I often talk to fellow writers that tell me they've published a book (or several), but then apologize for self-publishing it. They act as if this is "cheating" and it somehow diminishes their accomplishment. My response is that, "If self-publishing is good enough for the author of Tom Sawyer and Huckleberry Finn, it should be good enough for any writer."

If you want to learn more about writing, publishing or just want to spend time with other creative types, join the Ligonier Valley Writers today. You can reach the LVW at

Thanks for reading this post.

Jim Busch


Tuesday, June 30, 2015

What's the difference between writers and liars?

Here is a great quote for writers and storytellers of all kinds:

"A storyteller makes up things to help other people, a liar makes things up to help himself." Daniel Wallace

This says something about writers, though writers are often thought of as recluses or anti-social, they are motivated out of love. They don't write for themselves (that's a diarist), they write to share with others. We all secretly hope that our work will touch others and maybe make their world just a little better.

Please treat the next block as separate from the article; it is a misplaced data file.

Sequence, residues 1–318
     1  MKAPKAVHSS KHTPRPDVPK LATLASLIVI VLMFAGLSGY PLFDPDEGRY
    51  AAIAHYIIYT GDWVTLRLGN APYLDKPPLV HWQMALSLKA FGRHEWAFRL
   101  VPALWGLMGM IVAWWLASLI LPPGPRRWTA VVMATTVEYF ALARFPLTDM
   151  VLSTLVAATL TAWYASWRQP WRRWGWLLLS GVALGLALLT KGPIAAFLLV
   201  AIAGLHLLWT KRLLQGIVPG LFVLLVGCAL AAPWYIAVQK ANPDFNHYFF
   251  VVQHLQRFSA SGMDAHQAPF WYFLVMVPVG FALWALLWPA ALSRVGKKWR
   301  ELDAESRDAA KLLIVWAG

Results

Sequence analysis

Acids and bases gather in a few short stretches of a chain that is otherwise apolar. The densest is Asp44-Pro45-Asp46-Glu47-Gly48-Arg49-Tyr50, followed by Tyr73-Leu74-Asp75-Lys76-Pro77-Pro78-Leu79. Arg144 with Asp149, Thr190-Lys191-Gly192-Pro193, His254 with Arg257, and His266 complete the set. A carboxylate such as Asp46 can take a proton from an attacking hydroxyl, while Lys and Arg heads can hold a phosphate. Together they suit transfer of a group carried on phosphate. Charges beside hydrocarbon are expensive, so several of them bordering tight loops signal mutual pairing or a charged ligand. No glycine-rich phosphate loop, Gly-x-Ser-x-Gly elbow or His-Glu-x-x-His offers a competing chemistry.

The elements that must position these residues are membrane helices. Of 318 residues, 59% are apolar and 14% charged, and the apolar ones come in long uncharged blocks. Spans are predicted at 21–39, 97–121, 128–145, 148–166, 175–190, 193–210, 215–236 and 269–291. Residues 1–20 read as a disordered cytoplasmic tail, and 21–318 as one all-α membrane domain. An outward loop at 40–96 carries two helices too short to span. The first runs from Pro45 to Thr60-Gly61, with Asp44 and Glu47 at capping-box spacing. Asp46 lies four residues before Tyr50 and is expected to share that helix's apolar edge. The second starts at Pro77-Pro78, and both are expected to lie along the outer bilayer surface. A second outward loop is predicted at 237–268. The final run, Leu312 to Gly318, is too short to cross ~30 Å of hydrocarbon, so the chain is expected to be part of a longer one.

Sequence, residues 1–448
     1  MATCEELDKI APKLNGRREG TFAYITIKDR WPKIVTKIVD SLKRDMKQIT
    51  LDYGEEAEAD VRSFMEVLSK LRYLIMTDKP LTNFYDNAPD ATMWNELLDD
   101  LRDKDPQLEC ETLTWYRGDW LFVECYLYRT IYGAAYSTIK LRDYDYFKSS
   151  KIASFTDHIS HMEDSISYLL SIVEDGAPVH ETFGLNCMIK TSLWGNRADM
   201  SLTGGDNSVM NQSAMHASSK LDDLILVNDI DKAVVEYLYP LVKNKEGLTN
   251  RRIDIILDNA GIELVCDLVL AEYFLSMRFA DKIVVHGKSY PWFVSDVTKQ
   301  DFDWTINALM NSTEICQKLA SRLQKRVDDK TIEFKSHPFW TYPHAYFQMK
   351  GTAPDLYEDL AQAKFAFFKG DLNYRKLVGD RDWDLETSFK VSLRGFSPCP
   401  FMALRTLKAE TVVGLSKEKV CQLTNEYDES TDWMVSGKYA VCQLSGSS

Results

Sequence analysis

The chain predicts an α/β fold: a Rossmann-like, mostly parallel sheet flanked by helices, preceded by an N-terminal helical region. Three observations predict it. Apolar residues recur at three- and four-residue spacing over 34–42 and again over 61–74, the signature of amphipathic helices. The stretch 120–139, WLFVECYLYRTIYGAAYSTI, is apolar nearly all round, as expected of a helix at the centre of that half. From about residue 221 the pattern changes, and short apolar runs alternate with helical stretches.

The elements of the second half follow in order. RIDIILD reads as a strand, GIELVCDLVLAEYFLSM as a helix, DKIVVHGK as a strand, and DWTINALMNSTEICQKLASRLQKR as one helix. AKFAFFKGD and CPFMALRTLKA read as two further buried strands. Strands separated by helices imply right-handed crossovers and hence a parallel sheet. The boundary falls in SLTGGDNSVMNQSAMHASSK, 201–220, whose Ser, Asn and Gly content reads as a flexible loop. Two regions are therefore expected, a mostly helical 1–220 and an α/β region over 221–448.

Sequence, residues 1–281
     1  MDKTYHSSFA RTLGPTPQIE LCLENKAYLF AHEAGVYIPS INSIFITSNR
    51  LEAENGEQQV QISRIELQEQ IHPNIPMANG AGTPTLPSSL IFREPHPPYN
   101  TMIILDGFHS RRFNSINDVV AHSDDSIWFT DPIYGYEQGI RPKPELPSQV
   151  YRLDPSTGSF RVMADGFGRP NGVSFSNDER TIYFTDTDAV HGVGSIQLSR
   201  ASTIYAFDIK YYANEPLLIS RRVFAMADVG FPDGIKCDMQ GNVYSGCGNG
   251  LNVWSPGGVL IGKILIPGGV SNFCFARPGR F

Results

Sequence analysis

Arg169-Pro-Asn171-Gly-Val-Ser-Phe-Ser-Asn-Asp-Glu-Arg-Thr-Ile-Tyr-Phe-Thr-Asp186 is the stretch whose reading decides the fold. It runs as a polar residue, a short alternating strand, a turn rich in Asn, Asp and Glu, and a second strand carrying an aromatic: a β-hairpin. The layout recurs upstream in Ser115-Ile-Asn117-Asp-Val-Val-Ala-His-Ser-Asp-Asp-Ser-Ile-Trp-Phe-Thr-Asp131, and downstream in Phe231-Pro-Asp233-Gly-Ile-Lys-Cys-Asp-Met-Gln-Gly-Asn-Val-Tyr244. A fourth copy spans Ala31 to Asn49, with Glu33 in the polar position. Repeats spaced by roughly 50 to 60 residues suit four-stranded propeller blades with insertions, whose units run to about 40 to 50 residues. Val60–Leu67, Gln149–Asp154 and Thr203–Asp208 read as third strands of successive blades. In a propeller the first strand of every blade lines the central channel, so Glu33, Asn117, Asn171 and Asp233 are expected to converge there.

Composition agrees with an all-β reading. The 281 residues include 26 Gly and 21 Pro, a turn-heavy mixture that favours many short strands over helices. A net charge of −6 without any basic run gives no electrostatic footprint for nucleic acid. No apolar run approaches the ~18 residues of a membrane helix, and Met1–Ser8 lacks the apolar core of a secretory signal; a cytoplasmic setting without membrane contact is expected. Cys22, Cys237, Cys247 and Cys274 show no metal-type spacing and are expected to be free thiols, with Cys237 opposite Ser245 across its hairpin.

Keep those stories coming. Thanks

Jim Busch for the Ligonier Valley Writers

Friday, May 1, 2015

An "Ad Man" on the power of words

As part of my preparation to write my monthly advertising column I reread A Technique for Producing Ideas by James Webb Young. Young was one of the original "Mad Men" and he helped create the modern advertising industry. His book is ine of the best works on the creative process I've ever found. While written for business people, I believe it has value for writers and artists as well. Here is a quote from A Technique for Producing Ideas that I think is of particular interest to writers:

"We tend to forget that words are themselves ideas. They might be called ideas in a state of suspended animation. When the words are mastered the ideas come alive again."

Young's book is still in print and available on Amazon. It is a thin volume, my 1956 edition has just 61 pages. I believe it is a good read for anyone who wants to stimulate their creativity.

If you are looking for a place to enhance and display your creativity check out the Ligonier Valley Writers Website:

Thanks for reading.

Jim Busch

Saturday, February 21, 2015

Louise Penny on Developing a Character